Report: Apple ditching Google Maps for iOS 6
Apple (NASDAQ:AAPL) is poised to end its reliance on Google's (NASDAQ:GOOG) Maps data with the release of its forthcoming iOS 6 mobile operating system, and it will introduce its own mapping application developed completely in-house.
Citing sources familiar with the matter, 9to5Mac is reporting that Apple has leveraged acquisitions Placebase, C3 Technologies and Poly9 to develop its own mapping database highlighted by a 3D view mode. 9to5Mac notes the 3D imaging relies heavily on software created by C3 Technologies, spun out of aerospace and defense firm Saab in 2007 and purchased by Apple late last year. C3 previously said its technology applies "previously classified image processing technology to the development of 3D maps as a platform for new social and commercial applications... automated software and advanced algorithms enable C3 to rapidly assemble extremely precise 3D models, and seamlessly integrate them with traditional 2D maps, satellite images, street level photography and user-generated images."
Apple is expected to unveil iOS 6 next month during its annual World Wide Developers Conference. 9to5Mac adds Apple is likely to end its reliance on Google Street View as well, presumably replacing the service with C3's street-view images.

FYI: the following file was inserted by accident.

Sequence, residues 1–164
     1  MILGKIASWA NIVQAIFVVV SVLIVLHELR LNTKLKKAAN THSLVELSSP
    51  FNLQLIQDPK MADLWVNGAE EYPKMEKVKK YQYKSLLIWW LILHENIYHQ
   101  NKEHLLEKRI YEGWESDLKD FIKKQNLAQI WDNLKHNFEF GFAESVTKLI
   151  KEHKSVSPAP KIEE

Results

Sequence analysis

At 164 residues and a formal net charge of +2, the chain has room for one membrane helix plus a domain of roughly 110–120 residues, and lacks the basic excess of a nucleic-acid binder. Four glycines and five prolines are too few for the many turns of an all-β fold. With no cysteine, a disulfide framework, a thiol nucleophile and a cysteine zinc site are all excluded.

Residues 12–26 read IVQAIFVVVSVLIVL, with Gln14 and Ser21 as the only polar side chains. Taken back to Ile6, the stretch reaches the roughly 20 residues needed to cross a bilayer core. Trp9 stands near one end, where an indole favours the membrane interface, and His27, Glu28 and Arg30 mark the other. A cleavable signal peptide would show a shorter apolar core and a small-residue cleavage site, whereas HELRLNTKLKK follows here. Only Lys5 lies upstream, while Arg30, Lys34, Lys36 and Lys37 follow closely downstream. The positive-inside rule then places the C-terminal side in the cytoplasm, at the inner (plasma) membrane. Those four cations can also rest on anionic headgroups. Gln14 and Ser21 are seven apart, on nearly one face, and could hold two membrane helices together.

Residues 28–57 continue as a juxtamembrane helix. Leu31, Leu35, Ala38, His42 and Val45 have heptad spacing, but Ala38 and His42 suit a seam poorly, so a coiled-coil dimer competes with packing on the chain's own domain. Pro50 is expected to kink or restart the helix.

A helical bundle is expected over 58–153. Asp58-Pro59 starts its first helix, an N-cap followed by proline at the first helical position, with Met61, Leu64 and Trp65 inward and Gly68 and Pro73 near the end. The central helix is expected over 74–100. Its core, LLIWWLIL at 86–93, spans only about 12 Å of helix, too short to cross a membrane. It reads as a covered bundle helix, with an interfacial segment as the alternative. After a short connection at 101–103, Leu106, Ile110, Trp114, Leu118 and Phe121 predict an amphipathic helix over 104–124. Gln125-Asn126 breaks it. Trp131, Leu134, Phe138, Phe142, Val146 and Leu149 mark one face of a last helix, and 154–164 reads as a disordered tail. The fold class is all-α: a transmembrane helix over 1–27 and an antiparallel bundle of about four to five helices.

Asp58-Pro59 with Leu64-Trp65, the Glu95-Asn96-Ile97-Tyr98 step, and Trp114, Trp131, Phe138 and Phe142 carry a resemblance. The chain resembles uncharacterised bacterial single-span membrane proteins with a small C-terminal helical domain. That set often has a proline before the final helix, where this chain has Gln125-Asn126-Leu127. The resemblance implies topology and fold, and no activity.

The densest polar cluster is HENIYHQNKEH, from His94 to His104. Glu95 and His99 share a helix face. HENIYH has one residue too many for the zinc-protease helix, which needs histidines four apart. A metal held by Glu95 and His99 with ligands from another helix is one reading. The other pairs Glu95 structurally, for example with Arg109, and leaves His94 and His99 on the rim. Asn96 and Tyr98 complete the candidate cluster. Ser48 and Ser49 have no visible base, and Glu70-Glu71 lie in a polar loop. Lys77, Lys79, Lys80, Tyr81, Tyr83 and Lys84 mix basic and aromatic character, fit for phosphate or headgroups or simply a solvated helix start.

Onlookers have long expected Apple to roll out its own mapping and navigation service. In June 2011, MacRumors reported that a "Map Data" section discovered within Apple's iOS 5 lists licenses from nine different third-party companies that provide location-enabled services. The firms include Waze, which offers real-time maps and traffic updates culled from crowd-source data; Urban Mapping, which supplies neighborhood-specific data including crime, school performance and economic indicators; and TomTom, whose TeleAtlas data is also licensed to Google.
The March 2012 release of Apple's iPhoto application further fueled the rumor mill by leveraging mapping information culled from Apple's own servers, not Google Maps. Apple last renewed its Google Maps agreement in mid-2011; the current deal is believed to expire at the end of this year.
Google's Android operating system dominates U.S. smartphone sales with a market share of 51 percent, followed by iOS at 30.7 percent, according to the latest comScore data. But in March, The Guardian calculated that services such as Google Maps integrated into iOS devices earn Google more than four times as much revenue as Android handsets. Based on figures supplied by Google to Oracle as part of their ongoing Android patent infringement suit, Google earned less than $550 million in revenues from Android between 2008 and 2011, and derives less than $10 per Android device each year. Google has activated more than 250 million Android devices worldwide.
- read this 9to5Mac article
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